Even for high-resolution techniques such as TEM, a complex sample preparation (into lamella, < 10nm) and special measurement procedures (TEM tomography) are required to access the area that is relevant (e.g., the channel underneath the metal gate in a gate-all-around device). In this context, imec continues the development of its scalpel AFM technique. In scalpel AFM, the tip of the AFM probe is also used to slice layers on an atomic scale, after which a local functional measurement is performed.
Conceptually, metrology on nanostructures remains a major challenge. A nanowire device, for example, contains about 500 dopant atoms at most. In the source/drain extension, maybe three are left. What is the statistical relevance of measuring such a single device (i.e., counting three atoms)? What is the meaning of ‘concentration’ at the nanometer scale? If we want to continue performing quantitative analyses, we will have to introduce novel metrics, such as the average distance to the next atom. In addition, we will have to take into account the stochastic variability in the properties of the structures (e.g. dopant fluctuations).
Trend: array-based metrology, sensitivity and statistical relevance
As a result of these statistical limitations, the development of array-based metrology is emerging as a major trend. Instead of deploying expensive tools (with very high resolution) for measuring e.g. single devices, we start doing measurements on arrays of devices, with relative small resolution (by using broad beams).
Because of the underlying physics of the measurement technique, the information can be restricted to the structure of relevance, and the signal coming from the environment can be suppressed. By simultaneously measuring multiple devices in parallel, the quality of the signal can be improved, and statistically relevant data are obtained. For techniques such as Raman spectroscopy, micro-four point probe, RBS (Rutherford backscattering spectroscopy) and SIMS, imec has developed solutions that allow to measure and interpret effects such as CD variation, strain and composition variations in array structures.
On the longer term, I expect metrology to further evolve into this direction. A large number of techniques that are now being developed, such as Orbi-trap SIMS, TEM tomography or atom probe/AFM, will be massively deployed in the research and production of semiconductor applications. TEM and AFM, for example, which today are still perceived as single device analysis concepts, are expected to evolve into array based metrology as well. These analysis techniques will increasingly be used in-line; inline TEM, inline SIMS, inline XPS (x-ray photoelectron spectroscopy) will become a commodity.
Metrology as a profit center
On the downside, funding all these developments remains a difficult issue for the semiconductor industry. On the one hand, costs increase dramatically because of the growing complexity of semiconductor developments and because of the need for ever higher resolution. For example, enhancing the resolution from 1nm to 0.5nm is a huge step for the metrology developer. On the other hand, since a few years, the market for metrology tends towards monopolization. For techniques such as SIMS or atom probe, there is only one market player. Hence, by lack of competition, progress is slow and expensive. Nevertheless, it is important that the industry continues to invest in metrology.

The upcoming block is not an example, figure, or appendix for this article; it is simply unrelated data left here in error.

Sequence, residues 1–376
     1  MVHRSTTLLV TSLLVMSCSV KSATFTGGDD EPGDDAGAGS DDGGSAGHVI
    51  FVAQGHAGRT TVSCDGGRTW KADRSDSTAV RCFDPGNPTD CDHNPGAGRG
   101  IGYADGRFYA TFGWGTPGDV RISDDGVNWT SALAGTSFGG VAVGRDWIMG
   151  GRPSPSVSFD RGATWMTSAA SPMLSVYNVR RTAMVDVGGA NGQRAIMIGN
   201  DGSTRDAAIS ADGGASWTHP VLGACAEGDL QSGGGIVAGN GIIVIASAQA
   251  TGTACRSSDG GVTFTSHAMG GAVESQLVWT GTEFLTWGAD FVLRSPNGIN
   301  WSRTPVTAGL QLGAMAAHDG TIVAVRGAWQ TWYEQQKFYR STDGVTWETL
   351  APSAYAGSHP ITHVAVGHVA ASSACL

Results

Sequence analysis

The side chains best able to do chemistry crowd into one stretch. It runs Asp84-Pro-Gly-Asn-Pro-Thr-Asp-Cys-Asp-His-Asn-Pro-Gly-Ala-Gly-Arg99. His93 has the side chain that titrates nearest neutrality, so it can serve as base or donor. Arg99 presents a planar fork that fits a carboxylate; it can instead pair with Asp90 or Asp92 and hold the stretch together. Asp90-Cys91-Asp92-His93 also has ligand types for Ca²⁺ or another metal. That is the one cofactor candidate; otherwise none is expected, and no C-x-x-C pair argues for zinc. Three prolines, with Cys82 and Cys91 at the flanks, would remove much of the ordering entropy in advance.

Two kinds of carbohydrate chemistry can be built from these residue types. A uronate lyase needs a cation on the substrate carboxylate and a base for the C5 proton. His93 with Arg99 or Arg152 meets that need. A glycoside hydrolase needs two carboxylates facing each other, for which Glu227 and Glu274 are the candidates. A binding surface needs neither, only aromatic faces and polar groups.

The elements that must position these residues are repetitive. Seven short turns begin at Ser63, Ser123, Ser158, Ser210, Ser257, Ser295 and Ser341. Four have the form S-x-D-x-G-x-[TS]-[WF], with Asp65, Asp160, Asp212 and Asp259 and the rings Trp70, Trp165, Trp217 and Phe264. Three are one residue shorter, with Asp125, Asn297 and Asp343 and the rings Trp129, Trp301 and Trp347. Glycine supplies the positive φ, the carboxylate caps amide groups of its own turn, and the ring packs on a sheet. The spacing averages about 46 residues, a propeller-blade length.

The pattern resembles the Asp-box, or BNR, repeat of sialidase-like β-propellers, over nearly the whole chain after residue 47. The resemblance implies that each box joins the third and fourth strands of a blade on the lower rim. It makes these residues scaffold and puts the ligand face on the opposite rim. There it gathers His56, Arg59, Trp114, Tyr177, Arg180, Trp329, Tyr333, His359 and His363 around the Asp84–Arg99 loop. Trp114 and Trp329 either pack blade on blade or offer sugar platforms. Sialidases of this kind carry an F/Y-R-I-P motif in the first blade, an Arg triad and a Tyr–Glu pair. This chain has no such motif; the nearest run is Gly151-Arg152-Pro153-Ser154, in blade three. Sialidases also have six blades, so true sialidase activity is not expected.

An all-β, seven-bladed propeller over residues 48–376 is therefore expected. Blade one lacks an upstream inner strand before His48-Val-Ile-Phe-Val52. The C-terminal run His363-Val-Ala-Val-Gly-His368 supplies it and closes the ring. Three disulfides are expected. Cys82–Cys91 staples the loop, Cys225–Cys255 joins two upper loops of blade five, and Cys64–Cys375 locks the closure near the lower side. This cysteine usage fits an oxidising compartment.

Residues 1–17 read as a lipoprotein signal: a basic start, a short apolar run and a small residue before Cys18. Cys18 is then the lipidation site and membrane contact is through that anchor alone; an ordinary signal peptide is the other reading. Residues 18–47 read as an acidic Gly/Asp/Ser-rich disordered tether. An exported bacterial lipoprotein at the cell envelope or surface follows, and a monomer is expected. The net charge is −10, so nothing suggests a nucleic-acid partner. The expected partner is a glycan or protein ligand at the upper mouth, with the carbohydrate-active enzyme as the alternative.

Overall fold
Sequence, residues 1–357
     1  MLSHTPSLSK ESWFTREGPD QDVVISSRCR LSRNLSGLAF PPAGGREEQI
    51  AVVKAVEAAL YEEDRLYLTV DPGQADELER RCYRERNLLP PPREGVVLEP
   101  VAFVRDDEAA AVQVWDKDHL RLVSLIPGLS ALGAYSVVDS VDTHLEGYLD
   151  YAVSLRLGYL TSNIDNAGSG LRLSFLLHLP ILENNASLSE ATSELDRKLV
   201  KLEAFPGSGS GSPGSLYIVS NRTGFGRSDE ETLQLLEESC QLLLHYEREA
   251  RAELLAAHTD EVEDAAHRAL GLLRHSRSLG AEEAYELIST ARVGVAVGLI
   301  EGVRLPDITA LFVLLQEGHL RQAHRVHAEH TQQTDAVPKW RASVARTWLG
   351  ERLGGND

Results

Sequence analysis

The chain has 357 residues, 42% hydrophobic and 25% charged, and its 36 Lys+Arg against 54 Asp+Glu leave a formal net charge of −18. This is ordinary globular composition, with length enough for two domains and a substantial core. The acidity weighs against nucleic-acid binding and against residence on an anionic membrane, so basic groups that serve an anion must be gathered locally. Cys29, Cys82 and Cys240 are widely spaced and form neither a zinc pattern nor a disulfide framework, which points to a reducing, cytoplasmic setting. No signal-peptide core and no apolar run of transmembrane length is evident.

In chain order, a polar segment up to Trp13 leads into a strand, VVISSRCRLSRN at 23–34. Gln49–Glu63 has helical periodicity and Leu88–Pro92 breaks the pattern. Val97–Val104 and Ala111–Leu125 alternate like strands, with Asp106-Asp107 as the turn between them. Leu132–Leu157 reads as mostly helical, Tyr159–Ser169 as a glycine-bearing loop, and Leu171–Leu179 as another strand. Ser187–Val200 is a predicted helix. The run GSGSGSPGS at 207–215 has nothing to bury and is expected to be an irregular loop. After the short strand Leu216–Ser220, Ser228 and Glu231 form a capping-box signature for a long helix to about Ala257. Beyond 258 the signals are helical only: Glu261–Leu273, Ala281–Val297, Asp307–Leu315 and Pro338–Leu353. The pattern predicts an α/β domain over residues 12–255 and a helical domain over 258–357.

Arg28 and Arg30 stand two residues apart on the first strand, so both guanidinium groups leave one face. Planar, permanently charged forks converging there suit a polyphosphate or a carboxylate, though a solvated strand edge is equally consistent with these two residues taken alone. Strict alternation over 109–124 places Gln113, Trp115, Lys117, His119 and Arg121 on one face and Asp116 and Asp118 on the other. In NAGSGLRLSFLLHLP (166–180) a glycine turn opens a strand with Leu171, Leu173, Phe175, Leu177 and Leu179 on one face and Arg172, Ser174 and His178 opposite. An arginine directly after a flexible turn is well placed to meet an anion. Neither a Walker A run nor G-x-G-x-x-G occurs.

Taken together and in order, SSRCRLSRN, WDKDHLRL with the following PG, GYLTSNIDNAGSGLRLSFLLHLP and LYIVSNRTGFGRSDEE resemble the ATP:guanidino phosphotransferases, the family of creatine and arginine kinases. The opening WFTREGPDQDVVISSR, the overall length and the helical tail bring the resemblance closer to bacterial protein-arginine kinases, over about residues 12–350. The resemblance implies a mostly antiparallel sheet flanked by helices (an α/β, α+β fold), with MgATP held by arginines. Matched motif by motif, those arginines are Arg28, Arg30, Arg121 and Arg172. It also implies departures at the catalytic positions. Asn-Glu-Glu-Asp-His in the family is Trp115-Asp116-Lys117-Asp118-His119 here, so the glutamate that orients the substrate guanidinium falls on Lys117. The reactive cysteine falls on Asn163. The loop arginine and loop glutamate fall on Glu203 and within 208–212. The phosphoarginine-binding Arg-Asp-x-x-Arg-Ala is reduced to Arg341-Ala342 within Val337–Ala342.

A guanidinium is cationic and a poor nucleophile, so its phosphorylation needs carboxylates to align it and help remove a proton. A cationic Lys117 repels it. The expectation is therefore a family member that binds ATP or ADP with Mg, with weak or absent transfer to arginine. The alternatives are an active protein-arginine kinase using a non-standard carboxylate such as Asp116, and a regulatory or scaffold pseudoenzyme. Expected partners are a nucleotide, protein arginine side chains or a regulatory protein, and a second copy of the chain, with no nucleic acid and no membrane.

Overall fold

Metrology is not a cost factor, but a profit center for industry. Some years ago, VLSI Research published a study showing that, for each dollar invested in metrology, there was a return of 10 dollar. Being able to quickly and accurately analyze semiconductor devices can accelerate technology development and yield enhancement. Advanced equipment and gathering fundamental metrology knowledge are cornerstones of successful technology development and high-volume production. For imec, gaining fundamental insight is key to the added value we bring to our partners. Therefore, we continuously invest in a high-performing metrology group with strong scientific foundations. Also, special attention must be paid to design for testability. In the coming years, providing test arrays needed for measuring array structures, and test structures that are metrology friendly will be key for metrology to achieving optimum results.
Wilfried Vandervorst received his M.Sc. degree (electronic engineering) in 1977 from the KU Leuven, Belgium and the PhD degree in Applied Physics in 1983 from the same University. In 1983-1984 he worked at Bell Northern Research, Ottawa, Canada as a consultant in the field of materials characterization. In 1984 he joined imec where he became Director of the department dealing with materials characterization. Since 1990 he is also holding an appointment as a Professor at the KU Leuven (Physics Department) where he is teaching a course on materials characterization and supervising PhD students. In 2001, after an international peer review, he was elected as an imec Fellow for his outstanding scientific achievements related to semiconductor metrology, and in 2013 as Senior imec Fellow. He is engaged in advanced research on metrology and material (interactions) for semiconductor technology. He has co-authored more than 600 papers in peer-reviewed journals, gave more than 150 invited presentations and is co-inventor of more than 60 patents.